So how do you develop something as centralized as a unified set of principles for a diverse, decentralized group? In order to have something to work with, the two of us began by creating a draft ourselves. It was meant to be a starting point, a mound of clay that could be reformed and moulded by active participants in the DWeb space.

Group discussion at the Tree of Life, Mushroom Farm, DWeb Camp 2019. A group sits at the base of a large cypress tree.
Group discussion at the Tree of Life, Mushroom Farm, DWeb Camp 2019

Development Timeline

From there, we went through several rounds of reshaping, with the editing process involving over 30 individuals. These were the phases of its development:

Phase 1: Initial Draft — The stewards of the project, Mai and John, drafted a rough document for the DWeb community to discuss and consider. It was commented on and edited by other contributors. (May – Jun 2020)

Phase 2: First Feedback — Introduced the project to individuals in the DWeb community and solicited their comments and ideas. Presented the working draft at the DWeb Meetup on July 29, 2020. (Jun – Sep 2020)

Phase 3: Focus Groups — Held a series of focus group conversations with DWeb community members about the Principles to discuss intent, purpose, and future application (Sep – Dec 2020).

Phase 4: Revise Principles — Incorporate feedback from focus group discussions into the draft Principles. (Dec 2020)

Phase 5: Second Feedback & Gather Support — Solicit final round of feedback on the Principles. (Jan 2021)

Phase 6: Publish the Principles — Launch the first version of the Principles on the DWeb website. Hold DWeb Meet-up to launch the new website and present Principles. (Feb 2021)

Mesh network wiring configuration at DWeb Camp 2019. A server sits on a wooden foldable table with several ethernet cables plugged in and criss-crossed all over the table.
Mesh network wiring configuration at DWeb Camp 2019

The Result

Every single word in this document was thoroughly and repeatedly dissected and examined. What were the implications of certain terminologies? For example, what is presumed when we use the word “empower” versus “enable”? Why did we decide not to use the term “user”, and instead opt for “people” or “individual”? We worked with the contributors to be as deliberate as possible with our language. 

It was through this process that we illuminated something crucial about the aims of the Decentralized Web community: That it is about more than the technical infrastructure, it is about social and organizational norms and aspirations. Technical specifications can enable or prevent certain outcomes, of course. But what is fundamental and subversive about this Decentralized Web movement is that it is about elevating both individual and collective human agency. It is about creating more just and equitable relations between people, and creating networks that help us address the urgent challenges, not exacerbate them.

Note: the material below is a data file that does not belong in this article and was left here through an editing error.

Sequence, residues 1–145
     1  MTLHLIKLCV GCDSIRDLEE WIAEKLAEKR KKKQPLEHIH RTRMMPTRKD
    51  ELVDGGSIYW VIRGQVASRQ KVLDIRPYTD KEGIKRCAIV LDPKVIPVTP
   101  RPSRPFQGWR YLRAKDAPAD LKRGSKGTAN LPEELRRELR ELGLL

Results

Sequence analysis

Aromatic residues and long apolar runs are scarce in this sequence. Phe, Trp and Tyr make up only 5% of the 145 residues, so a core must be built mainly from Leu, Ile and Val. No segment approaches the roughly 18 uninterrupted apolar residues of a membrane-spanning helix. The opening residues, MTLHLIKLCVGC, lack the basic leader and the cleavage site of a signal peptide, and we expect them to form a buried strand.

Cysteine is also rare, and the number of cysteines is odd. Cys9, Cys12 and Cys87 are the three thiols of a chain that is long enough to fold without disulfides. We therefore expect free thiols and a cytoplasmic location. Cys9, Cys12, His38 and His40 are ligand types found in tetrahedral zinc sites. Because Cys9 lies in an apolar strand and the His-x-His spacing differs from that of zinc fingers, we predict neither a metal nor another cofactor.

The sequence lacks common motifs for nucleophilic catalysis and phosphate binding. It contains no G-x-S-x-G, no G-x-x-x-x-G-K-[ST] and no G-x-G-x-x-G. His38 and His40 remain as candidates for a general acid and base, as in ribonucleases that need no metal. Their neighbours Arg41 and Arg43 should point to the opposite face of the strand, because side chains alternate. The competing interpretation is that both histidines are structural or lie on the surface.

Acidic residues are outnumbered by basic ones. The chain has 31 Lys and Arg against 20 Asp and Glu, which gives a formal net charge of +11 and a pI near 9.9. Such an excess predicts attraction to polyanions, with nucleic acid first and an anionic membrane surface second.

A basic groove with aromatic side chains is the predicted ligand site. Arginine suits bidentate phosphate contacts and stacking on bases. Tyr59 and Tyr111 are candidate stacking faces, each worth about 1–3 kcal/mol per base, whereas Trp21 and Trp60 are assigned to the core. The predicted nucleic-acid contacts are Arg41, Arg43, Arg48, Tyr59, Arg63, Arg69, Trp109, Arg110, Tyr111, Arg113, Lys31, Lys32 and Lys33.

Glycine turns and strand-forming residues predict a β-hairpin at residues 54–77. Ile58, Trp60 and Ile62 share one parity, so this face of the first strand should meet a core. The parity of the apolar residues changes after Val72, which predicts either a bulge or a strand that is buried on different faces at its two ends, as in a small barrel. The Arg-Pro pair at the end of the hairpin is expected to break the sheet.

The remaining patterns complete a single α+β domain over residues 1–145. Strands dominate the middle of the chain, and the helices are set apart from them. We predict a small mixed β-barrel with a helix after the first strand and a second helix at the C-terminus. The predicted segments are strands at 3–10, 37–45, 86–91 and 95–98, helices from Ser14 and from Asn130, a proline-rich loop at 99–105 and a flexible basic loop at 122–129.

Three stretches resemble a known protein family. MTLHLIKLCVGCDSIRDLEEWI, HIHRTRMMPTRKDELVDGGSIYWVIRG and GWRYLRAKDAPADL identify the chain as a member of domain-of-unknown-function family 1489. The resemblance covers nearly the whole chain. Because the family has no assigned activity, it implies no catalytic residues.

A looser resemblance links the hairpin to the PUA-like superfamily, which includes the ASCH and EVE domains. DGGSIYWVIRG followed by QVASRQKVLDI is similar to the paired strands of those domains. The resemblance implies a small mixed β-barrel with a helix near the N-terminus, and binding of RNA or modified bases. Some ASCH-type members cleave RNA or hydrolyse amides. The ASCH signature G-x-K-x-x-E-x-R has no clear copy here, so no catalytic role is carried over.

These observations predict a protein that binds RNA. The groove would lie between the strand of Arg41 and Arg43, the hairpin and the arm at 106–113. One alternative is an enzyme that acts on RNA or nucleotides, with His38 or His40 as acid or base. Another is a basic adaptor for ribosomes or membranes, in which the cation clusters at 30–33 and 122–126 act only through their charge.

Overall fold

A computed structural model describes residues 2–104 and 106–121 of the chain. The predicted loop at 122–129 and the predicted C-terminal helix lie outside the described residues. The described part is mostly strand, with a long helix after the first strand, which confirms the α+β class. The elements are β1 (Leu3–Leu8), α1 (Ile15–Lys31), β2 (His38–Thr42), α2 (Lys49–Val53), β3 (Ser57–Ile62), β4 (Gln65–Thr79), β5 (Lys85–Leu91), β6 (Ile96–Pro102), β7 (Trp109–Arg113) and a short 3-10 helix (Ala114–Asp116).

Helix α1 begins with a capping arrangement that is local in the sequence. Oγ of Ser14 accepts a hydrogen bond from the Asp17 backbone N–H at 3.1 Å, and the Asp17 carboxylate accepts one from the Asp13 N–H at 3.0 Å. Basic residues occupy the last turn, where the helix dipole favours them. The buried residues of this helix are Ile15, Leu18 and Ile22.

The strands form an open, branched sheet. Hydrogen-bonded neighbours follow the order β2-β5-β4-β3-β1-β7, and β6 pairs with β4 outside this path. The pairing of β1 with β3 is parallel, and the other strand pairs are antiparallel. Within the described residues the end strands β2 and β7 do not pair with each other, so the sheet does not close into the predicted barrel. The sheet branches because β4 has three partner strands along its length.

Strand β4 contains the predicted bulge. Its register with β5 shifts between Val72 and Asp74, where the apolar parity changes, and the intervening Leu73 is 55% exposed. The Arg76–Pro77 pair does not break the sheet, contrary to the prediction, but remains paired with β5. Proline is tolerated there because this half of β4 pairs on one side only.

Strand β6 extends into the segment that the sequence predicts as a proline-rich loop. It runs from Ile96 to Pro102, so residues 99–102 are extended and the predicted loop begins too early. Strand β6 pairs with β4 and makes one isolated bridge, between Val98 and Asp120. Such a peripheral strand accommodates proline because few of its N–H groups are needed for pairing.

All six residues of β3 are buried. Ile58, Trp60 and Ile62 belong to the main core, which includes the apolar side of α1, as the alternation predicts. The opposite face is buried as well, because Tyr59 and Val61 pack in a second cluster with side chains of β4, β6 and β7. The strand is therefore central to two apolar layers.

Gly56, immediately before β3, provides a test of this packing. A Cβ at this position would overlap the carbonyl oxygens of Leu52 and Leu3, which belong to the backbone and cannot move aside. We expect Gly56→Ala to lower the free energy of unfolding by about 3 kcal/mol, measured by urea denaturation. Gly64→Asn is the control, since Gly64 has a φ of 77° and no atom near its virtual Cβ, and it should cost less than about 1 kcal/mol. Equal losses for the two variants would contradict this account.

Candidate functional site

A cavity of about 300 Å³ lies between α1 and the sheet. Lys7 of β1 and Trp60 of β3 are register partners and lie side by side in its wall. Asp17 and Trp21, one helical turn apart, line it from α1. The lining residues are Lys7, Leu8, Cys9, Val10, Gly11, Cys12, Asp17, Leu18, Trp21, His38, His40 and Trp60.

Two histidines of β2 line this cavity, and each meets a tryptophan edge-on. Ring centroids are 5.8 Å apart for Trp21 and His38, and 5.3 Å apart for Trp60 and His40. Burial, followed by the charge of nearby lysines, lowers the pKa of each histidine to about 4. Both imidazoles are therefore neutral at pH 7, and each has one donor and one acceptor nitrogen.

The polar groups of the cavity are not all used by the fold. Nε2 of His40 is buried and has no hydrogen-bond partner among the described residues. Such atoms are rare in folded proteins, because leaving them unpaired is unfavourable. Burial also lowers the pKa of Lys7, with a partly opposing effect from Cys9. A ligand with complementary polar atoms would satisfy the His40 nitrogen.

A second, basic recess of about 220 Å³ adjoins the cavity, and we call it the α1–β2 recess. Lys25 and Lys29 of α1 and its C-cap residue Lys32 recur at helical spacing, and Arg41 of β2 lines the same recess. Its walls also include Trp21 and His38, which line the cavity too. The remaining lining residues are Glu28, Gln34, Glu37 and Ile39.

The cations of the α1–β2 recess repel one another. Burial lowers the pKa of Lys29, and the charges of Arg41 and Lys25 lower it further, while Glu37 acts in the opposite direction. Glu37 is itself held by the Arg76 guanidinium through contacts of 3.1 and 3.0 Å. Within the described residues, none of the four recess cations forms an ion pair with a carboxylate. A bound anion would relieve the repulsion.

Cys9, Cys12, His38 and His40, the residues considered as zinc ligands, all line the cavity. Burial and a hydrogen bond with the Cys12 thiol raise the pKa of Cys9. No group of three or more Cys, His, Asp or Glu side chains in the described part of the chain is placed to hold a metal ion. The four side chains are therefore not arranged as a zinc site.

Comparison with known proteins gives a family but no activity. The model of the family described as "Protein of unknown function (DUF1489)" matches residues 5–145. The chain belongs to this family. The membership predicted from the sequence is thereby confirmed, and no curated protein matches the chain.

A group discussion inside the Dome of Decentralization at DWeb Camp 2019. A group of people sit inside a white geodesic dome.
A group discussion inside the Dome of Decentralization at DWeb Camp 2019

A large part of this project was reflecting on the inherited dynamics that we take for granted with the internet we have today. By putting into words our shared ideals for a better web of the future, we had to shed certain assumptions about what constitutes success. 

Our contributors continued to point to other sets of principles that articulate values raised in this one, but often with more depth and clarity. We decided that it was important to acknowledge those other principles. The DWeb Principles are not designed to supplant these other frameworks, nor does pointing to them mean that all of those in this DWeb community agree with all that is said in them. It is meant to signify that we are not alone in our pursuit for more fun, equitable, and secure networked systems, and stand alongside these other communities’ efforts.